Liberty Mutual Holding Co. Inc.'s proposal to buy State Auto Financial Corp., and the entire State Auto Group, contains the second-highest share price premium for a publicly traded North American insurance underwriter in the last 10 years, according to an S&P Global Market Intelligence analysis.
Only State Farm Mutual Automobile Insurance Co.'s acquisition of GAINSCO Inc. in 2020 tops the 201.27% one-day stock price premium that Liberty Mutual has offered to bring State Auto into its fold. State Farm's buy laid a 222.95% premium for GAINSCO.
The pricing run for P&C insurance during the last year has made many of the top writers flush with capital, Piper Sandler analyst Paul Newsome said in an interview. Mutual insurers have fewer options to deploy that capital since they cannot set up share repurchases the way publicly traded companies can, making them more likely to spend it on acquisitions, Newsome said.
"The mutuals can either sit on it, and a lot of them do," the analyst said. "Or they can lower prices, which is not terribly economic. Or they can make an acquisition."
With the industry fetching higher premium prices, fewer companies are failing and more potential buyers are sitting on higher capital levels than they historically have had at their disposal, Newsome said.
Liberty Mutual's deal premium includes the purchase of State Auto Group's mutual holdings, which is not reflected in the company's public share price, he noted.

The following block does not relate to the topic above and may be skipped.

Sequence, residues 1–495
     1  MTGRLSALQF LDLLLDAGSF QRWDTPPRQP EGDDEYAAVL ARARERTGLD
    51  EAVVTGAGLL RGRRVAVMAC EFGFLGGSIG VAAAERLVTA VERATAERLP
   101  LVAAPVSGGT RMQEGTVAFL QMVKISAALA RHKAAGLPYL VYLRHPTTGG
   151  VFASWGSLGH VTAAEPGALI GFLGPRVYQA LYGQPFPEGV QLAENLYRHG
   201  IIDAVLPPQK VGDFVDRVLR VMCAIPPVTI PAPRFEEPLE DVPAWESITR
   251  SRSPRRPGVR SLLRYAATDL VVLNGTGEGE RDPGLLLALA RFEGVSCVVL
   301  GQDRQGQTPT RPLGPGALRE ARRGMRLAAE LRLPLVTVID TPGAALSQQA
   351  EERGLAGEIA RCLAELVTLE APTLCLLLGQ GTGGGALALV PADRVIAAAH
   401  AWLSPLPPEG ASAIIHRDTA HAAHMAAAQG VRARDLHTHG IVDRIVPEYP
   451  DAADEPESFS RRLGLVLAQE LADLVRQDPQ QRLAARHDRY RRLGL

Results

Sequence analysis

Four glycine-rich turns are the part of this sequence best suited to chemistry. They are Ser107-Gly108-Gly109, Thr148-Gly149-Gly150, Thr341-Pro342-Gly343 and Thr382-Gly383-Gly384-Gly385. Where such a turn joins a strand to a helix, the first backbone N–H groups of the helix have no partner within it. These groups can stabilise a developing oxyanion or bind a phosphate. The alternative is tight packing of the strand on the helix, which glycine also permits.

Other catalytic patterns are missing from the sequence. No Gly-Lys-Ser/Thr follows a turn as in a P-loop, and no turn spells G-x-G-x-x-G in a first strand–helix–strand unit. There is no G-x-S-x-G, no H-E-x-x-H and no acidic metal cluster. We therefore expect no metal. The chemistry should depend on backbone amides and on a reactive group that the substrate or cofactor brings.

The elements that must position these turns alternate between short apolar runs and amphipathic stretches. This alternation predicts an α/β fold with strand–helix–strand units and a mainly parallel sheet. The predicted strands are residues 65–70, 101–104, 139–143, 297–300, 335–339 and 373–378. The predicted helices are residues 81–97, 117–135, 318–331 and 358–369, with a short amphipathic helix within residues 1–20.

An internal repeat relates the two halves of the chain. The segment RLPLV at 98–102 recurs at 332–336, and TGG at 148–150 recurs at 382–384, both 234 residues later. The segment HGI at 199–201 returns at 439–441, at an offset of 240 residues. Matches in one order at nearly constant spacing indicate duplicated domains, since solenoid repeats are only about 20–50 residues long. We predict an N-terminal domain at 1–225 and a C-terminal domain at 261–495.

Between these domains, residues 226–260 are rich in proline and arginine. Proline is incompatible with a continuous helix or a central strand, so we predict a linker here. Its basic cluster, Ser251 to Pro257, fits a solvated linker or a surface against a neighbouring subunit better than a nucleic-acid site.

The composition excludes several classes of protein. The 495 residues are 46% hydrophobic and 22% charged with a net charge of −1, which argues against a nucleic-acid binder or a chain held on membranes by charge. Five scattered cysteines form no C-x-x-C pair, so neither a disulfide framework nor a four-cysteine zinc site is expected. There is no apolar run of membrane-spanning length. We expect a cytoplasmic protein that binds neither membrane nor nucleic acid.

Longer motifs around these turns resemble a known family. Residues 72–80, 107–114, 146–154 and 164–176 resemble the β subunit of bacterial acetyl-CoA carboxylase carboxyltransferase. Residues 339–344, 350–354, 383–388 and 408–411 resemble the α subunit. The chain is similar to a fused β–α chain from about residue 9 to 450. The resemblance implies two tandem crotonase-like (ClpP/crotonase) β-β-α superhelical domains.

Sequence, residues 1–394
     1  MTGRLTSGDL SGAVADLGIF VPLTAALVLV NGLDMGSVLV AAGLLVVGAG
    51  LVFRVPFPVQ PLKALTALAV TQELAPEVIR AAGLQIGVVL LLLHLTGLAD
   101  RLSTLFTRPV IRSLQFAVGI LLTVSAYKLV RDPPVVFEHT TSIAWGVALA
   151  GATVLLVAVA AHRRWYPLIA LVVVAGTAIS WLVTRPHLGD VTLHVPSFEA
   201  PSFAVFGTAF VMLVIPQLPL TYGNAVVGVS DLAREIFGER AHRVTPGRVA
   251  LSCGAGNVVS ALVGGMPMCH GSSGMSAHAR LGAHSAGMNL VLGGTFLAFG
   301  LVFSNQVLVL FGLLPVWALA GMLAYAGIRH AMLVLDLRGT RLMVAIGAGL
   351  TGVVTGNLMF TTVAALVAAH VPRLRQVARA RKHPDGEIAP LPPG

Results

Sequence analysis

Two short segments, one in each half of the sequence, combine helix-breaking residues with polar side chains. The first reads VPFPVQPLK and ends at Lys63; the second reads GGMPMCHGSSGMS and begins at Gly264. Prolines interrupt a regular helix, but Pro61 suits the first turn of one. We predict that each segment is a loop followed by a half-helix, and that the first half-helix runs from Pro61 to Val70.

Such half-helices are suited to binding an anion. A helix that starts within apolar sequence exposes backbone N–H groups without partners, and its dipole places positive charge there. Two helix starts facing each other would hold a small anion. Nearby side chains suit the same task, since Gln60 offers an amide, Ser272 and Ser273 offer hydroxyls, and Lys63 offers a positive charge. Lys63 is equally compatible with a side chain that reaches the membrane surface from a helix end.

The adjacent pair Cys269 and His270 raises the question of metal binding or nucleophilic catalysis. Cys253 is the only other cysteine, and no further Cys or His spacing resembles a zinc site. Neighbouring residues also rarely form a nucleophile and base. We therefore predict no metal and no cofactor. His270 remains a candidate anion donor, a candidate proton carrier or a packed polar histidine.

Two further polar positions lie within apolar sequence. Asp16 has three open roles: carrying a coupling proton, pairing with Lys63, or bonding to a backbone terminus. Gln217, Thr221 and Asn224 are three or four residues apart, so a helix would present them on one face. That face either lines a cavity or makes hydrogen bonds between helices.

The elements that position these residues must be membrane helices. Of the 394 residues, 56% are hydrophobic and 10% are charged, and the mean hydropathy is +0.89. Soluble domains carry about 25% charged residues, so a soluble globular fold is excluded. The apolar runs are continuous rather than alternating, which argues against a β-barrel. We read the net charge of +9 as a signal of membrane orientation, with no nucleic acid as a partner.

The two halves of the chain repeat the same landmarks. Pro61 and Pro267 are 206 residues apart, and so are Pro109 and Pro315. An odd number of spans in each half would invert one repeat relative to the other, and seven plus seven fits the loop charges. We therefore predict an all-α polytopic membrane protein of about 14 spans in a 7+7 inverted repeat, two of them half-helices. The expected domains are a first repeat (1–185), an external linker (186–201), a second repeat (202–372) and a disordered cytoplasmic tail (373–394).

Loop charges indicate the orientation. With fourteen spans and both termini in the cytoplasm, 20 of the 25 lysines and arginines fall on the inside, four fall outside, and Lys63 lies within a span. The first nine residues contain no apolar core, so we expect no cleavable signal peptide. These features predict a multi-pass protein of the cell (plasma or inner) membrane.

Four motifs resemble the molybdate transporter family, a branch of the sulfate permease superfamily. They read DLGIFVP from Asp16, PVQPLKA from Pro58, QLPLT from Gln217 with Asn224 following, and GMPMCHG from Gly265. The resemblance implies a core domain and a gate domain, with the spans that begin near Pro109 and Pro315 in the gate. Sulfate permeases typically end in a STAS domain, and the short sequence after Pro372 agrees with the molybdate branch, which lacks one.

Keefe Bruyette & Woods analyst Meyer Shields does not expect competing offers for State Auto, but thinks the deal does signify raised competitive stakes in the P&C industry.
"This proposed acquisition implies sustained competition in personal lines, particularly independent agency-distributed personal auto, which accounted for 27.2% of [State Auto's] 2020 [net written premium]," Shields wrote in a July 12 research note to clients.
In a statement accompanying the deal announcement, Liberty Mutual cited State Auto's strong position among independent agents as one of the lures to the transaction.
The proposed acquisition would not change Liberty Mutual's fifth-place standing on the table of the top domestic P&C writers by total direct premiums written on a pro forma basis, according to an S&P Global Market Intelligence analysis based on 2020 figures. The deal would, however, nudge it significantly closer to fourth-ranked The Allstate Corp.
The property and casualty subsidiaries of Allstate booked $39.21 billion in direct premiums written in 2020. Liberty Mutual logged $36.17 billion in such premiums during that year, while State Auto reported $2.22 billion, which would combine for $38.39 billion.
Only two other acquisitions of public insurance underwriters in the U.S., Canada or Bermuda were inked with triple-digit percentage share price premiums in the last decade. Nassau Insurance Group Holdings LP's purchase in 2015 of Phoenix Cos. Inc. had a 187.8% stock price premium, and Aquarian Investors Heritage Holdings LLC's 2017 deal to buy Investors Heritage Capital Corp. brought with it a 154.99% premium to the latter's closing price the day before the transaction was announced.